So, last night I had the pleasure of watching 'Somewhere' again, and I must say that I was pleasantly surprised. I remember being quite letdown with the film back in 2010, and I've pretty much forgotten about it ever since, but getting to sit down with it once again was a nice treat. It also helped me to appreciate Coppola's latest film even more, because 'The Bling Ring' shows so much growth and maturity of themes when compared with 'Somewhere'. Coppola has a knack for regurgitating the same theme (lost youth, misunderstanding of fame) with wildly different textures, and I think that is why 'Somewhere' is the one film of hers that I find the hardest time connecting to.
It just feels too familiar.
But I'm getting ahead of myself already! I should probably start at the beginning.
Being the fan of Sophia Coppola that I am, ‘Somewhere’ was my most anticipated film from last year. I literally could not wait to see it, so much so that I downloaded it to my computer months before it was released in theaters near me so that I could watch it.
For me, ‘Somewhere’ doesn’t quite live up to my expectations.
First things first, this is not a bad film at all. In fact, it is a very good film. Some of my friends have noted that they feel this is Coppola’s most mature offering, and in many ways I totally agree. She has a beautiful knack for fleshing out the humanity in her stories with such graceful subtlety. She masters that here, allowing the fluid movement of the scenes to do most of the talking. While some would make sweeping statements that this is, ‘by far’, we worst film, I can only half agree. While she shows definite maturity here, this is my least favorite of her films. In that same respect though, I can’t say ‘by far’ since the film is a very good film. I just found it too familiar. Coppola often regurgitates similar themes in her films, but she manages to make them feel fresh and unique to her own style. She doesn't quite manage that here. It drips with style (it is beautiful to look at and it moves with the grace and fluidity that we expect from Coppola) but it feels too rehashed to be anything monumentally moving. It felt like 'Lost in Translation' lite. I really liked it, and the performances are beautifully detailed, but the film itself reaches short of the greatness I was expecting.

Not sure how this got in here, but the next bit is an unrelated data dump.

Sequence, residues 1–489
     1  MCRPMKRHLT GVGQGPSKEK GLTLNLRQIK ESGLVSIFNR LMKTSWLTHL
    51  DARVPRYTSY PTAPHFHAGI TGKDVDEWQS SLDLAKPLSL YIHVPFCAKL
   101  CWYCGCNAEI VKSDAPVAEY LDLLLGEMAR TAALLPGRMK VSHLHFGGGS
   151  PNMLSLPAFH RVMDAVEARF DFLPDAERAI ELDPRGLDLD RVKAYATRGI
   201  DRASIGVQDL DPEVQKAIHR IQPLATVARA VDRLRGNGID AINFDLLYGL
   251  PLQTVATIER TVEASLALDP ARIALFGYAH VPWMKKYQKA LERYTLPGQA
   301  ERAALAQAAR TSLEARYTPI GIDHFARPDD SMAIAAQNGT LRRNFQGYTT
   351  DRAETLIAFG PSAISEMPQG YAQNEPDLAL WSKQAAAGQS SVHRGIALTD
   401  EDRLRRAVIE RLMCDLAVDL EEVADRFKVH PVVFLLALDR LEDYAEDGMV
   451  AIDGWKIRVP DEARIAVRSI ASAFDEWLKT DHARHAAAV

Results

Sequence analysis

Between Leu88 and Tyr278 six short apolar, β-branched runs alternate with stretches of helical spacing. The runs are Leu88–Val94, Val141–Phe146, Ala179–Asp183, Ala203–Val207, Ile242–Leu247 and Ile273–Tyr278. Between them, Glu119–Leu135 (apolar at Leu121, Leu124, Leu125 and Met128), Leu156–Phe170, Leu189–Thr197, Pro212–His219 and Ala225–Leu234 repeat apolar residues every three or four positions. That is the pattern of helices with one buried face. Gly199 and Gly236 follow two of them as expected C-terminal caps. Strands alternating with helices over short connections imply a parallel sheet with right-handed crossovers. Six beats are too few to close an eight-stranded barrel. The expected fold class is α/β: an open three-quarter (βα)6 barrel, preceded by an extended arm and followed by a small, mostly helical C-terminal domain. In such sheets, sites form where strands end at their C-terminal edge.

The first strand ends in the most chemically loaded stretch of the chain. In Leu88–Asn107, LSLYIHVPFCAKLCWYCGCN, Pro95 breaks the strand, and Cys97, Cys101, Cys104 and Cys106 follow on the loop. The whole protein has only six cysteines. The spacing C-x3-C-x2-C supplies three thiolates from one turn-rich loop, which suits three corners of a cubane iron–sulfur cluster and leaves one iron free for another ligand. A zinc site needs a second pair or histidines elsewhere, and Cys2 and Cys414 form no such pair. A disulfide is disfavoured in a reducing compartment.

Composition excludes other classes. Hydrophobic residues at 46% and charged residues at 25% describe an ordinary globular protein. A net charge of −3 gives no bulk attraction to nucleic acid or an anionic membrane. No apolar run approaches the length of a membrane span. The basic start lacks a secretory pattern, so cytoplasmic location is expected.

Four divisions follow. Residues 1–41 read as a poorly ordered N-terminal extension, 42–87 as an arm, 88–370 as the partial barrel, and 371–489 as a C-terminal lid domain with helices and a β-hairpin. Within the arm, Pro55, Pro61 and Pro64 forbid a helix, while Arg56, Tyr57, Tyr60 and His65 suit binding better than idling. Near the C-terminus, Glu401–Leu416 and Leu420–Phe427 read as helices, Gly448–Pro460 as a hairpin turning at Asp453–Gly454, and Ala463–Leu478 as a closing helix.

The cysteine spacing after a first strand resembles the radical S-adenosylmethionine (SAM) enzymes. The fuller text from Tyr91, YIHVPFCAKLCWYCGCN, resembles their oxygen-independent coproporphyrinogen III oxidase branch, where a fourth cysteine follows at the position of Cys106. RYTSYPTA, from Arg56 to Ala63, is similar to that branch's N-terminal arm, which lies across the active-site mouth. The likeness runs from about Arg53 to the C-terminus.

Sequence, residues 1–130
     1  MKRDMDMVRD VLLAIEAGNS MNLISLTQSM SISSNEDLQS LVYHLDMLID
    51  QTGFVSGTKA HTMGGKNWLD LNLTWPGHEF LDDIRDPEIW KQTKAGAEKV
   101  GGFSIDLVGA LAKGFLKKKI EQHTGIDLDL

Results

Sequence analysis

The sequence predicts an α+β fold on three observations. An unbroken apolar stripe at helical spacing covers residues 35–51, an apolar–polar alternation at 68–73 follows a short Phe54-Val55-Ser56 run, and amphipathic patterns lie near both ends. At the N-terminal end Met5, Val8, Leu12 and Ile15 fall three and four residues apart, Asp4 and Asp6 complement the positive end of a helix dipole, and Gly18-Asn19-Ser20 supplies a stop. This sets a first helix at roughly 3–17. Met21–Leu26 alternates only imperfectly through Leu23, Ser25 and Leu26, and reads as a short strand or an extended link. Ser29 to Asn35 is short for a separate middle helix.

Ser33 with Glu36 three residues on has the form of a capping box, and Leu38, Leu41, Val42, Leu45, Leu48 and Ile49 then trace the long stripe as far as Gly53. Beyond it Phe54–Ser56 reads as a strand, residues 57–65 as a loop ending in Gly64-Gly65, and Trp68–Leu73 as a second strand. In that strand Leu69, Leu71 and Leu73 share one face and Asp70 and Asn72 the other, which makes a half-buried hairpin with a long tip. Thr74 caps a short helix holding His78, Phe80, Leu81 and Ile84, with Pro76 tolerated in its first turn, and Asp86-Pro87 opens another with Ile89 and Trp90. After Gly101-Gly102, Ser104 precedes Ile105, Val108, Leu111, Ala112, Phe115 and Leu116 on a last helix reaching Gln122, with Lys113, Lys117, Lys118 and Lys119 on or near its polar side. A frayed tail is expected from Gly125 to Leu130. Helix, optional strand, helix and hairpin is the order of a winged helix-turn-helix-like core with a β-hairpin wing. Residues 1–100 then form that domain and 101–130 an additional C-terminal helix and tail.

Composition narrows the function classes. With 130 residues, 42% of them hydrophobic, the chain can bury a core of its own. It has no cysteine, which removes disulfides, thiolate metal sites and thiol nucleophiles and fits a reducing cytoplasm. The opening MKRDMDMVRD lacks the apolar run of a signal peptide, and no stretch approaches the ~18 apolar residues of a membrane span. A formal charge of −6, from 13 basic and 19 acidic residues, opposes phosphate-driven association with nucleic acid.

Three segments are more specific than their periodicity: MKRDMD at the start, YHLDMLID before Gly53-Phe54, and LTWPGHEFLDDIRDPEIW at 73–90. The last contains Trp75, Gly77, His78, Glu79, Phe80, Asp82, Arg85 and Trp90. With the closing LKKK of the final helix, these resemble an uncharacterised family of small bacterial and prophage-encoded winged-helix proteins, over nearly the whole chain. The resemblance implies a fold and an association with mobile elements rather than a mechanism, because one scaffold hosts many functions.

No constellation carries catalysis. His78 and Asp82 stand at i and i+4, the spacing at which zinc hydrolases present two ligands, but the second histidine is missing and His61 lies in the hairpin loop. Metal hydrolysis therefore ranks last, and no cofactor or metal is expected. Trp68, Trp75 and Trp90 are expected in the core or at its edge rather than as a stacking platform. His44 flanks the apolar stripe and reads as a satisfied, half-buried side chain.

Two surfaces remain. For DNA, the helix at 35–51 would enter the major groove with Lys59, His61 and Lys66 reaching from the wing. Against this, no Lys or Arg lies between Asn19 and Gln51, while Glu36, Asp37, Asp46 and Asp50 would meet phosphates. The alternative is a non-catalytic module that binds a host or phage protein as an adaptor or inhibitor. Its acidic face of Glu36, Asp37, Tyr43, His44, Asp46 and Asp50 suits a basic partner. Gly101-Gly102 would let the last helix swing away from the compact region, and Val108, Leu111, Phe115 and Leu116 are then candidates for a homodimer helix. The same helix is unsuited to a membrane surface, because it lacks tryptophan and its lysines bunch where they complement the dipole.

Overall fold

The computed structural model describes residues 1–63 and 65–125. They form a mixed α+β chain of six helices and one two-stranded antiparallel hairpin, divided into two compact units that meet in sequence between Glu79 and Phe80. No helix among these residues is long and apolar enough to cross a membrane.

The idea of being lost within your own life and trying to find an outlet, anything really to save you from yourself, is a great idea, but Sophia has done that four times over now and it shows on this film that she is running out of ways to make it feel soulfully individualized.
This just felt somewhat halfhearted.
And yet, I can’t help but admit that had ‘Lost in Translation’ not been released on ’03 I’d probably be lauding this particular film as a masterpiece and placing it at the top of my personal ballot for Best Picture last year. Like I said, it’s very good, but it is also very familiar.
But, one cannot overlook the glorious Elle Fanning and her marvelous contribution to this film. In fact, I would hand her a win over ANY of Oscar’s nominated supporting actresses; in a heartbeat. I’m just going to post straight from a piece I wrote about her performance on the blog back in January.
“In Sophia Coppola’s latest entry, ‘Somewhere’, she cast the ‘other’ Fanning girl, Elle, to play a fictional variation of herself (or I assume as much). While Coppola is one of my favorite working directors, I must say that the familiar nature of ‘Somewhere’ was a tad underwhelming for me. That said; the naturally organic presence of Elle Fanning utterly blew me away. By merely doing nothing at all, Fanning does SO much with this character. Playing Cleo, the young daughter to
Johnny Marco, Fanning isn’t discomfited by her father’s world. She isn’t afraid to call a spade a spade
(that stare at the breakfast table was superbly executed) and yet she realizes
the nature of the world in which her father dwells and so she allocates herself
to it with childlike ease. The
construction of a Coppola film is already wildly organic in tone (it just flows
in such a sublimely effortless manner) but Fanning adds so much weight to the
film by relaxing right into the pace.
Her character arc may seem oddly anticlimactic (also the signature ways
of the director) but there is the sting of her presence that never quite goes
away. You can feel her spirit moving her
father to contemplate his own footsteps, and you understand why. It is less the notion that a child can reconstruct
a parent and more the understanding that THIS child is something special to
THAT parent. There is such intimacy
presented in this performance (as well as Dorff’s).
Infact, dwelling on Fanning’s performance is making me appreciate the film morethan I initially thought I did.”
In the end, I like this movie and I highly recommend it. Sophia Coppola is a masterful director and I cannot wait to see what she delivers to us next. She understands the beauty of the human spirit and she weaves magic out of simplicity, which is something most directors don’t bother to consider. I want her to branch out on her next project though. I want to see her step outside her comfort zone and prove to the world that she isn’t one-track minded. I know she has more in her. As it is, she ranks very high for me and is probably one of my top five working directors today. With a little spice she could easily become number one.
I also encourage you to jump over to Surrender to the Void to read both an essay and a review of this film!
So tomorrow caps off our week with Fanning with 'Super 8'. I'd like to than Josh and TheVoid99 for participating in this month's marathon. I can't wait to see what you guys pull out for next month (I'll post the theme, films and dates tomorrow).